WB: When she had decided that this was the performance and she's in front of you and she's performing, you felt like your mind was being led wherever she wanted it to go, but it was all perceptual. “Look here, feel this.” It was almost like a text.
She's speaking about how she experiences the world and she's translating it into this medium of movement, space, and time. That's why she had to define it because she wasn't quoting steps so that you know it’s dance. She wasn't going to move a certain way. It was extremely radical.
The Horizontal / The Anarchy
The horizontal laboratory allows a performer to create non-hierarchical compositions where no one material is inherently more important than another. (Standing in Space, p. 79)
BOH: When you find yourself in the horizontal laboratory, as Mary would say, you find that you coexist with everything and everyone and one thing is not more important than the other. You're bringing your full self, just as the chair is bringing its full “chairness” to the room.
BM: With an awareness of and implementation of the Viewpoints, you don't need a script to make a play, you don't need a choreographer to make a dance, you don't even need a venue to present the work. It’s revolutionary.
DB: Mary really does live the idea of the deconstructed hierarchy. She doesn't see herself as being above any of her students.
WB: Mary is in hospice care right now. She calls me when she feels like she can talk. She'll make re-statements of the basic idea of what the Viewpoints are about. Those are the a-ha moments. It's not something new; it's like oh, yes! it's all contained in this pithy core, what we've always done. But it's very exciting!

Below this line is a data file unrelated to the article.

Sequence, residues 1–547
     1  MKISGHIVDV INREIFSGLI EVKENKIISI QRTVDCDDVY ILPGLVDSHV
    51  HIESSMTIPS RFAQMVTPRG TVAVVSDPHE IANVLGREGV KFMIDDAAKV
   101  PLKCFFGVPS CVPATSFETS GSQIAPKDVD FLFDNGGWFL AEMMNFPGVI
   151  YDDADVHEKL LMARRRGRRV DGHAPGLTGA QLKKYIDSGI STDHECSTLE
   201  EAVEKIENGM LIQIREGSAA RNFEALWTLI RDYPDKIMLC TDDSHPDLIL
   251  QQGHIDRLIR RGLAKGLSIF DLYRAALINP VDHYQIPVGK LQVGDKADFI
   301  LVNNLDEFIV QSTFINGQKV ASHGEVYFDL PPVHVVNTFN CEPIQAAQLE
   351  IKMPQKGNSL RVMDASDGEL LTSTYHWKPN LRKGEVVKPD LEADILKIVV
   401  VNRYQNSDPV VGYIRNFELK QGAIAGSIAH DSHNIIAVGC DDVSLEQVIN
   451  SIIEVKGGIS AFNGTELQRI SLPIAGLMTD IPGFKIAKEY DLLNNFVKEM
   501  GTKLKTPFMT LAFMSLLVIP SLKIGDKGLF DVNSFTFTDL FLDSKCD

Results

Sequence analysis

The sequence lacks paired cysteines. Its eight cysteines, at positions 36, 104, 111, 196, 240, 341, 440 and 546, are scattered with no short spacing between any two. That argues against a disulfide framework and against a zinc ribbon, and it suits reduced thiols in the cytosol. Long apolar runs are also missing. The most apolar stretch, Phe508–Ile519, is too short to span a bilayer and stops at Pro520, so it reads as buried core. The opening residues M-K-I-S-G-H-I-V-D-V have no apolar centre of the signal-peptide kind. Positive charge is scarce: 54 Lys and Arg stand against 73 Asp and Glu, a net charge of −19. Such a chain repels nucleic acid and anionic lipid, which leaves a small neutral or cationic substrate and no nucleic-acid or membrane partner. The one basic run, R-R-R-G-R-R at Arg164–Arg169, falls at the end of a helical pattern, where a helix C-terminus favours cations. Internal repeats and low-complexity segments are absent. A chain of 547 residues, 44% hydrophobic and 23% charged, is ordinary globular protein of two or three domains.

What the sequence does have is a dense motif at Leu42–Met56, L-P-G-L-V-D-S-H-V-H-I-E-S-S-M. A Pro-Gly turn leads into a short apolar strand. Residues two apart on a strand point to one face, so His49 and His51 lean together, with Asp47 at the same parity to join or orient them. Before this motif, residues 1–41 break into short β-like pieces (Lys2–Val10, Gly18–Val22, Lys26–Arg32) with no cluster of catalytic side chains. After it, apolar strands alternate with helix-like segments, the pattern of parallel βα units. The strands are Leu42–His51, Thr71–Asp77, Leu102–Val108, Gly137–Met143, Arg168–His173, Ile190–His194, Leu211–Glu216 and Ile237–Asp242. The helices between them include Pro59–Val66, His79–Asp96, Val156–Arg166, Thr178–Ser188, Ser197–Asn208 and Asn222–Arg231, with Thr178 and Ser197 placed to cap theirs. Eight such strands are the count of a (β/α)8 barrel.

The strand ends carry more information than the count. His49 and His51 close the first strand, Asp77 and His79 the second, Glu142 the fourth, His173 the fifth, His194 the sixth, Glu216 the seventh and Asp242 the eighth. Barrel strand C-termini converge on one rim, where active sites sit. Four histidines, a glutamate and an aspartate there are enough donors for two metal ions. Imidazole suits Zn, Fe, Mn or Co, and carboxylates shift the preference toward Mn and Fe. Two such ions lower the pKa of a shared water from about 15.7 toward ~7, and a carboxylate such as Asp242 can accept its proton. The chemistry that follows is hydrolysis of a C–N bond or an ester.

Miryam Coppersmith: The anarchy might just be in the things being what they are and discovering and re-discovering them.
WB: The anarchistic part is one disrupting one's own mind or pre-conceptions. Let nature speak to you; let the elements speak to you. Mary has a powerful, direct experience with nature from living in Montana. But if you're in a room with four walls, you're not in an organic environment, what nature do you have? Oh, I have space, that's nature. I have time. And I have my perceptions.
BM: She's like Prometheus; she got fire and I got to hold this fire and I just want to give it to other people. Not just give them fire, but show people how to create their own fire.
WB: We could credit Mary with having this big mind and a lot of courage and a lot of energy to stick to going, “No, we don’t have to make anything up, we really need to deal with things as they are.”
PL: At first, I didn't consciously perceive the potential and impact of Mary's work and her creation of the Six Viewpoints. This was because of her light and gentle touch physically, emotionally, and verbally. But she has profoundly expanded not only the institutions of new dance and theater, but also the methodologies of training… And I think she’s also an inspiration for other artists. Profound inspirations and ideas, they're delicate. And then you make them real, and then the world changes.
Read part two of these interviews, focused on the relevance of the Viewpoints during the COVID-19 crisis and the future of Viewpoints, which will be coming to tD soon.
For more on Mary Overlie and the Viewpoints, see sixviewpoints.com.
Interviews with Brendan McCall, Deborah Black, Barney O’Hanlon, Paul Langland, and Wendell Beavers, conducted via Zoom, April 27-May 14.
By Miryam Coppersmith
June 5, 2020